Somadishu president drops plan to extend term extension

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Somadishu president drops plan to extend term extension

Abdullahi Mohamed, president of Somalia, attends London Somalia ConferenceSomalia Conference on 11 May 2017 at Lancaster House.ReUTERS Jack Hill Pool File photo

On Wednesday, President MohamedMohamed Abdullahi Mohamed said he would lift an effort to extend his term by two years by bowing to local and international pressure after clashes in the capital Mogadishu split security forces along clan lines.

Hours earlier, Prime Minister MohamedMohamed Hussein Roble had called for a new presidential election and denounced any form of term extension.The term of president expired in February, but the country failed to hold elections as planned.Earlier this month, the lower house of parliament voted to extend Mohamed's four-year term by another two years.The Senate rejected the move, provoking a political crisis in the Senate.

Commanders in both the police and the military had defected to the opposition, and rival factions of the security forces had fortified positions in central Mogadishu, raising fears of clashes in the heart of the city and a security vacuum in the surrounding areas that could be exploited by al Shabaab-linked Al Qaidah insurgents.

In a televised statement made in the early hours of Wednesday, the president said that he welcomed the efforts of the prime minister and other political leaders and commended the statements they issued calling for elections to be held without further delay.He also called for urgent discussions with the signatories on the terms of an agreement signed last September on the conduct of the elections.

The opposition, who had launched an attack on the president to resign, did not immediately respond.He did not demonize the opposition in his speech, but made unnamed people and foreign entities which have no other goal than to destabilize the country.

On Tuesday, the heads of two regional states who had also rejected the president's proposed two-year extension of the term had been staunch allies.Those leaders said immediately after president's speech that they welcomed his announcement.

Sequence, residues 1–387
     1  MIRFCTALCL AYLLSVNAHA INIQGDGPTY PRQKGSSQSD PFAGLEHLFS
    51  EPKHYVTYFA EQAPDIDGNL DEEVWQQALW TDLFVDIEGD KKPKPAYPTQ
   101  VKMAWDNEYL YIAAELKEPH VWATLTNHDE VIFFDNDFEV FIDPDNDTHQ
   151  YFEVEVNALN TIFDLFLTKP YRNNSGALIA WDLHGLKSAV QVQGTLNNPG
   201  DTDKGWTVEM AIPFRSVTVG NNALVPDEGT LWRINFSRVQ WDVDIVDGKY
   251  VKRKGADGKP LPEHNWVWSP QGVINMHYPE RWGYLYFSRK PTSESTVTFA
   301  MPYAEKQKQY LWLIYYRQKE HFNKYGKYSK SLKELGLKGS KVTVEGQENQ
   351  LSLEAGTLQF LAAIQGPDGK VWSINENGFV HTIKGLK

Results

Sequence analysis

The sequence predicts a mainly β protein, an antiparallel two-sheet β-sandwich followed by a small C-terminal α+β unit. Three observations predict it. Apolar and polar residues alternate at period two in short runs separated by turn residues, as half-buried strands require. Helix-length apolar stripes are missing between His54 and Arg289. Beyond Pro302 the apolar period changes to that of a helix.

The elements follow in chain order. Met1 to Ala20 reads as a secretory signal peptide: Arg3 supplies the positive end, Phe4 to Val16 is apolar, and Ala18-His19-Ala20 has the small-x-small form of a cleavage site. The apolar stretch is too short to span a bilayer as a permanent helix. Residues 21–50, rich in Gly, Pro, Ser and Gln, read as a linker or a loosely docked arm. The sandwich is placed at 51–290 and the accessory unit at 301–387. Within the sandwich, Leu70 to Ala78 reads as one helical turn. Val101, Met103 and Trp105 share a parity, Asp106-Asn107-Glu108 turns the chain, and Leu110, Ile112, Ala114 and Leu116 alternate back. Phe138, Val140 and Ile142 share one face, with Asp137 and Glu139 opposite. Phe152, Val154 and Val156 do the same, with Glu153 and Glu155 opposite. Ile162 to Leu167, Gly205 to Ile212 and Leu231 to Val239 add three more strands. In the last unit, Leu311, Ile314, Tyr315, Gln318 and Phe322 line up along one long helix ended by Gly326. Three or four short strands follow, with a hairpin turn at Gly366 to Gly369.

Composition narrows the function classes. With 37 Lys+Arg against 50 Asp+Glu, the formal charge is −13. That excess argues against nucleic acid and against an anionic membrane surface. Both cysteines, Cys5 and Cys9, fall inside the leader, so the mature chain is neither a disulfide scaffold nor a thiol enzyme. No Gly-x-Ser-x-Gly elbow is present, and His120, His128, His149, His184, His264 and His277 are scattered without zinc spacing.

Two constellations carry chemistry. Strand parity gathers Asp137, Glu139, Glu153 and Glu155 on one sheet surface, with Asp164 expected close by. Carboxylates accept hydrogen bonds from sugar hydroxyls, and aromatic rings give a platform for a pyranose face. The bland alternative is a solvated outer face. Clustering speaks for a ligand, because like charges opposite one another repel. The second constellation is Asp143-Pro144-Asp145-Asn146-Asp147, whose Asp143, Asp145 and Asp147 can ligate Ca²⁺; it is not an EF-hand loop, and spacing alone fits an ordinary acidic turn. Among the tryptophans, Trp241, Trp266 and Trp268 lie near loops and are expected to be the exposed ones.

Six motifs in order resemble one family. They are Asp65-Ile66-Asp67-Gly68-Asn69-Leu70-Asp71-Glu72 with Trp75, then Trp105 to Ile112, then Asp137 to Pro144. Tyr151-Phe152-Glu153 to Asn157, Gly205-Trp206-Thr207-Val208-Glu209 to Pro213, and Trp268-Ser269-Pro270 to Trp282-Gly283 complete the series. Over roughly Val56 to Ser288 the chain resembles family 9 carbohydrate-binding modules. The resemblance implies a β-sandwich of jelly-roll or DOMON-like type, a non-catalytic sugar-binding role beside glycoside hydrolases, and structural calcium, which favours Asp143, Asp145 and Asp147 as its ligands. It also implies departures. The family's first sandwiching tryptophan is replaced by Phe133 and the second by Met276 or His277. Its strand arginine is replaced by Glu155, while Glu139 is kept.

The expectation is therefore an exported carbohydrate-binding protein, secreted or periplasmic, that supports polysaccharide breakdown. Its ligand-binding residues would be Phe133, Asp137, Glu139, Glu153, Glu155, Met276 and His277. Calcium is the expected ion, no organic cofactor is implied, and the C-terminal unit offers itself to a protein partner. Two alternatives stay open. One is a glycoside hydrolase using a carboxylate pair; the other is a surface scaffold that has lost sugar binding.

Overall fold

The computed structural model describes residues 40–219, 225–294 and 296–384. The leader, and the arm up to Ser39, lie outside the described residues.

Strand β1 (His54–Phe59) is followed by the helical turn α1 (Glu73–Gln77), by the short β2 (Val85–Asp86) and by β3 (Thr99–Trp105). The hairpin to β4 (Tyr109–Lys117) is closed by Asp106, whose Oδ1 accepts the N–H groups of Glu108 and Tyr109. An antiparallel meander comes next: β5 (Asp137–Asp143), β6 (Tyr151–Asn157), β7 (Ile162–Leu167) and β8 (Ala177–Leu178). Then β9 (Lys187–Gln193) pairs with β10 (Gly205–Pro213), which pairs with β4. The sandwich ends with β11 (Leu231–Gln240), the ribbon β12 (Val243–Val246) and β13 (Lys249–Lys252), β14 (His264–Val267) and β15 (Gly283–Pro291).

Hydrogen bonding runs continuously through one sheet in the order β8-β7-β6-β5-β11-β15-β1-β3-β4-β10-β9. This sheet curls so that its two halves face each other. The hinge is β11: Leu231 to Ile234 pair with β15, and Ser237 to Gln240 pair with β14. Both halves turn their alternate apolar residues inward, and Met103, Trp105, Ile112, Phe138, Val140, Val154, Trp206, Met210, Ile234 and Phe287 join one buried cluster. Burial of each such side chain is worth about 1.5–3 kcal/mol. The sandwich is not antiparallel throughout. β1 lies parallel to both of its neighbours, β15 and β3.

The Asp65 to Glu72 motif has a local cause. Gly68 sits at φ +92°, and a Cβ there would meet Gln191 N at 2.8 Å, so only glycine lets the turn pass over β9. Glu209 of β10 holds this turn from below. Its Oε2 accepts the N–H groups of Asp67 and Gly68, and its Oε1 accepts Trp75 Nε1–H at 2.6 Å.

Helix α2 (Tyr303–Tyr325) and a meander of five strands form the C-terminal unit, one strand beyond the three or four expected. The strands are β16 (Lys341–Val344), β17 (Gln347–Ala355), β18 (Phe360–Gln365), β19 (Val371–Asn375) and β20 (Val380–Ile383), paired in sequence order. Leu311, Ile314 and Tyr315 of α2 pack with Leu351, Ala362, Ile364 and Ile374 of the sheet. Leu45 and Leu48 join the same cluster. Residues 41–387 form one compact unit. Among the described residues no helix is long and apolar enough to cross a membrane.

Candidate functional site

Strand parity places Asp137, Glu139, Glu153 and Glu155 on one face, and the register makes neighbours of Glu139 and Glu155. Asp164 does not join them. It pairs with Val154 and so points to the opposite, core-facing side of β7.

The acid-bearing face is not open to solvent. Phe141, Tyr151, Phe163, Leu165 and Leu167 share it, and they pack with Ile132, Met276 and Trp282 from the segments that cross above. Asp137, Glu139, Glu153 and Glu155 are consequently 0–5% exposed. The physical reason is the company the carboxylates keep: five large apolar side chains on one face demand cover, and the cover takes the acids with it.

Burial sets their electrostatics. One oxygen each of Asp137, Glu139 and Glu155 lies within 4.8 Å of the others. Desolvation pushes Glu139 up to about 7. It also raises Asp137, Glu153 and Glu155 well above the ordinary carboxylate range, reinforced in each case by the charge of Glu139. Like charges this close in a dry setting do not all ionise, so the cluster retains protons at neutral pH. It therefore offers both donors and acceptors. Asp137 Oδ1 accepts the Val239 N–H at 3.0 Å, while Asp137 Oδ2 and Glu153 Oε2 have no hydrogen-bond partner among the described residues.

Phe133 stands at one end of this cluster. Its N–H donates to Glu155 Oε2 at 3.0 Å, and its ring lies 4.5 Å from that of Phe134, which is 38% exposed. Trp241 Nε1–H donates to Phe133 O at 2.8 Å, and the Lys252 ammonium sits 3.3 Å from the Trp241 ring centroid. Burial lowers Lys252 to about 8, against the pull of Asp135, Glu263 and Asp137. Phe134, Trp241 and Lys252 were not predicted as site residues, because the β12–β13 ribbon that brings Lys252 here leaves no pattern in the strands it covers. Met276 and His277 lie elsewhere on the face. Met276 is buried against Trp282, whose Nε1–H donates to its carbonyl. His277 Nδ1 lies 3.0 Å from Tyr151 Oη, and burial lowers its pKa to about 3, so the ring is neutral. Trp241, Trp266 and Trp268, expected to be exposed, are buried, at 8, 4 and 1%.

Mohamed's attempt to prolong his term angered foreign supporters who backed his government, hoping it would help calm and stave off the al Shabaab insurgency - linked to al Qaeda.The proposed extension would not affect all the factions in the security forces against one another.

This week, the opposition forces left positions in the countryside as they headed for a showdown in capital, allowing al Shabaab to take over at least one city.

Forces loyal to the government hold important parts of the city and clashed with opposition forces over the weekend, fuelling fears that the country could return to all-out war.The president asked all security agencies to maintain the stability and safety of innocent civilians by avoiding those actions that may lead to insecurity.

The unrest is the second bout of violence in Mohamed's Mogadishu over the proposed extension of Mogadishu's term.Further ethnic clashes could splinter Somali security forces along ethnic lines, said the International Crisis Group, a think-tank.

Somalia is once again on the brink of major breakdown, it said in a briefing published on Tuesday.

Somalia's clan militias are drawn from clan militias that have often battled each other for power and resources.

Darod is Mohamed, one of Somalia's major clans.The majority of the large forces are Hawiye, another Somali clan in the capital.Hawiye and the opposition leaders are most of the leaders.

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